There are nostalgic memories of old biscuits, old phones and old bands playing in old pubs and swimming and markets on balmy summer nights. 

The only thing it doesn’t have is a 2021 Premiership WAFL team, but there’s always next year.

Big biscuits

ABC Perth visits Kwinana … still a bit of industry but there’s a lot more to take a look at.

For ABC Saturday Breakfast, Hidden Treasures often finds itself in the job of discovering suburbs we normally just drive through on the way to somewhere else, or suburbs that just seem to be too suburban to be of interest.

Our next Hidden Treasure is a lot more.  Our next Hidden Treasure challenges a perception that’s been around since the 1970’s.  Our next Hidden Treasure challenges you to stop awhile in a part of Perth that’s far from suburbia but still part of the metropolitan area.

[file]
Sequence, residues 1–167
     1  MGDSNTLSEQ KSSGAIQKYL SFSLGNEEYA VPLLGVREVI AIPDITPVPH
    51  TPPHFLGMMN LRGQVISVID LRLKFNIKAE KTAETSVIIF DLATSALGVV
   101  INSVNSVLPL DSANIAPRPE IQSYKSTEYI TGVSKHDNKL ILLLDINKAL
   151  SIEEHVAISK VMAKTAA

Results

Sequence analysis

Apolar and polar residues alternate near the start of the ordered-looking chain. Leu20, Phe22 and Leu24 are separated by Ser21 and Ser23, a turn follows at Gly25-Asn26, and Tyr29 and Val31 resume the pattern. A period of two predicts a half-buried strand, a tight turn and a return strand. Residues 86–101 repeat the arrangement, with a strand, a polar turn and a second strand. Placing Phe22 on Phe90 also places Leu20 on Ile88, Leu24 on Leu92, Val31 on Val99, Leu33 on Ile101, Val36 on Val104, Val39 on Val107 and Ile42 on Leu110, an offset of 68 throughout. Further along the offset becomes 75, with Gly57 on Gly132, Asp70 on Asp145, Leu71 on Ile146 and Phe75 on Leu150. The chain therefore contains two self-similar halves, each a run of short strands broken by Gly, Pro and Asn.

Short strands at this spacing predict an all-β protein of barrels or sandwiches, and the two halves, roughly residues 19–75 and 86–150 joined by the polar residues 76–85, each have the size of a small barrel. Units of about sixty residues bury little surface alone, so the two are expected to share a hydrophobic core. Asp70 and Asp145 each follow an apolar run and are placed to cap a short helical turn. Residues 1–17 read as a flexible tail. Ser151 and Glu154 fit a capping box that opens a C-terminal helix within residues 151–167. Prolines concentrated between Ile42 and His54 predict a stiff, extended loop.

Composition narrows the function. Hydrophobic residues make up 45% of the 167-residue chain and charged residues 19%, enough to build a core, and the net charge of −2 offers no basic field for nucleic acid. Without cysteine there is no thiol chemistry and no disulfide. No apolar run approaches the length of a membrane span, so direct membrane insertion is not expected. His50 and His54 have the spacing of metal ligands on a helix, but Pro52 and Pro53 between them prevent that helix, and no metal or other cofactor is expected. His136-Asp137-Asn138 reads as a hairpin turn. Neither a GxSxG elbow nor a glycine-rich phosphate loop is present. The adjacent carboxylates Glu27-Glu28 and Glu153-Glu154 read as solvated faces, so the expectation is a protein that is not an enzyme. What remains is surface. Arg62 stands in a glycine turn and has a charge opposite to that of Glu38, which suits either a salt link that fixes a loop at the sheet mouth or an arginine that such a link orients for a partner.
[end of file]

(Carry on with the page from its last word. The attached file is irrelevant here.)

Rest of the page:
When I was a kid, I’d listen to the stories my dad and his mates would tell on the veranda of our little holiday house in Shoalwater Bay.  From Japanese Army Helmets found on the end of Garden Island to giant sharks off Woodman Point, these stories always seemed to be something they’d overheard on the boat ramp.

Fun Fact: Boat ramps were the internet of the day.

One of the stories I remember hearing, when I was dragging a Jatz cracker through the French Onion dip, was how fish caught in Cockburn Sound would arc when cooked in microwave ovens because of the metal content caused by industry pollutants.

Irrespective of the truth and accuracy of this story, it’s a bit metaphoric for how we felt about Cockburn Sound in the 1970’s, and the area we know as … Kwinana.

Well, most of the industry is still there but there’s also a lot more in Kwinana, including a strong sense of community that is proud of new facilities, old heritage and even older culture.

Let’s start with a remarkable wetland and bush walk experience that is ridiculously close to the Kwinana Freeway but you wouldn’t know it.